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Graham And Haley Set To Join Those Calling For Flag's Removal In S.C.

A Confederate flag that's part of a Civil War memorial on the grounds of the South Carolina Statehouse flies during a Martin Luther King Day rally in 2008. The state is under fire for continuing to fly the flag.
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A Confederate flag that's part of a Civil War memorial on the grounds of the South Carolina Statehouse flies during a Martin Luther King Day rally in 2008. The state is under fire for continuing to fly the flag.

Calls for moving the Confederate battle flag from the grounds of South Carolina's Statehouse have grown since the shooting of nine black church members in Charleston last week. And now NPR's Juana Summers confirms that Sen. Lindsey Graham, R-S.C., will also call for the flag to be removed.

Graham, a Republican presidential candidate, is expected to announce his support for moving the Confederate flag at a 4 p.m. ET news conference in Columbia. When he makes the announcement, he'll do so alongside Gov. Nikki Haley, Juana says.

According to local TV WIS News, "South Carolina House Speaker Jay Lucas has already called for "swift resolution" on the Confederate flag issue."

Since it came down from atop South Carolina's State House in 2000, the Confederate battle flag has been in a prominent spot outside the General Assembly, next to the state's Confederate Soldier Monument. Its removal would require an action by state lawmakers.

Earlier Monday, Charleston Mayor Joe Riley and North Charleston Mayor Keith Summey spoke at a bipartisan news conference held by leaders who say it's time for the controversial flag to come down from its place on the Statehouse grounds.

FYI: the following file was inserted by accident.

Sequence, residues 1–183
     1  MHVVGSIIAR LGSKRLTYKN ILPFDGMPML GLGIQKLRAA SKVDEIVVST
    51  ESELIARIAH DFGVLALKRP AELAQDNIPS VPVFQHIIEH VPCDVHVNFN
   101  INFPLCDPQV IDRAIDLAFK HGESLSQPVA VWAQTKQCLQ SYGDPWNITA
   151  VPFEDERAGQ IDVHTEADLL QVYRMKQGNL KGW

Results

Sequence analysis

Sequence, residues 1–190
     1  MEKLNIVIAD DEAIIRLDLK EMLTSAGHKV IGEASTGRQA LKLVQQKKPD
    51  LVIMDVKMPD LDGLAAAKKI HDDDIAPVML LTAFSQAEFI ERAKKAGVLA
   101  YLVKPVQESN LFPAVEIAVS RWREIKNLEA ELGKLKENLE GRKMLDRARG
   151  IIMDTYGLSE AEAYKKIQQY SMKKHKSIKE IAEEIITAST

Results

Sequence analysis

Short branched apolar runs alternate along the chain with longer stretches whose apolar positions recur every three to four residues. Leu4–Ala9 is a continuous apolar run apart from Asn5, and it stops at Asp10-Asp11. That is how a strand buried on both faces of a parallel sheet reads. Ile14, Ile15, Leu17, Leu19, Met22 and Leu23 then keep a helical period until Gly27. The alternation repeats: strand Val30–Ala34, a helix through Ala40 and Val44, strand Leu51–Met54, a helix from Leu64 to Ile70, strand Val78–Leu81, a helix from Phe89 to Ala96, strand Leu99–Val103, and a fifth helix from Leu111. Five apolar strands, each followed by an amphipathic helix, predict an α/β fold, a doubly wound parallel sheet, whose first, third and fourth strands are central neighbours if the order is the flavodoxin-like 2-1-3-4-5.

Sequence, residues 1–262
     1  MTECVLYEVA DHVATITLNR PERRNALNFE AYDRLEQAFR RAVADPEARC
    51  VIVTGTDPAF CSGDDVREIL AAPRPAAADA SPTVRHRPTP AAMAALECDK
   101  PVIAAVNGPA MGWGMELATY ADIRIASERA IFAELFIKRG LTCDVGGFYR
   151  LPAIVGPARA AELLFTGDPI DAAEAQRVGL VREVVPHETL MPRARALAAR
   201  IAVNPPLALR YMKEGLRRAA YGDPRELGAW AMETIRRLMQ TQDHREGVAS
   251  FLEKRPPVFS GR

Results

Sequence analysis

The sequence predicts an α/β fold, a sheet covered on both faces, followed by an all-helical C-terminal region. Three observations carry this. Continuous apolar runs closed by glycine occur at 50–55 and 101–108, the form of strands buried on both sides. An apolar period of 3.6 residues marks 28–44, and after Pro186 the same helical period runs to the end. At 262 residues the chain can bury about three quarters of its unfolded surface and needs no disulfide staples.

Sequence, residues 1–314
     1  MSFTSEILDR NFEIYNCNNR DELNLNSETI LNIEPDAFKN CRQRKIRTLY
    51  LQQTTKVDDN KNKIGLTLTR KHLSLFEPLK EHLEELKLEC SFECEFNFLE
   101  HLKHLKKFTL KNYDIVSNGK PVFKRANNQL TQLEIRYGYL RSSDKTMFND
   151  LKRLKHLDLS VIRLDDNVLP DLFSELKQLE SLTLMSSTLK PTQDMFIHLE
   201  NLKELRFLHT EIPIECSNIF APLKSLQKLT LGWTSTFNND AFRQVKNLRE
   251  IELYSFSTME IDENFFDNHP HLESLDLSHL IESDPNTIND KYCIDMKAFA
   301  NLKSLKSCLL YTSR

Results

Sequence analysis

"It's a historical flag, a piece of history, and it belongs in a history museum," Riley said. He added that the flag had been "appropriated as a symbol of hate" years ago.

Just after noon today, Harris Pastides, president of the University of South Carolina, also called for the flag's removal. The university's main campus is a block from the Statehouse grounds.

Those calls echo sentiments that have long been held by the NAACP — and that were renewed on Friday, when NAACP President Cornell Brooks told a crowd in Charleston:

"When we see that symbol lifted up as an emblem of hate, as a tool of hate, as an inspiration for hate, as an inspiration for violence — that symbol has to come down, that symbol must be removed from our state capitol."

The debate over the flag was reignited after images of the chief suspect in the Charleston killings, Dylann Roof, was shown to have been displaying an image of the Confederate flag on his car. Roof, 21, is a native of the Columbia area.

The Confederate flag also figures prominently in photos of Roof that surfaced over the weekend, on a website titled The Last Rhodesian, as Scott reported for the Two-Way.

Copyright 2015 NPR. To see more, visit http://www.npr.org/.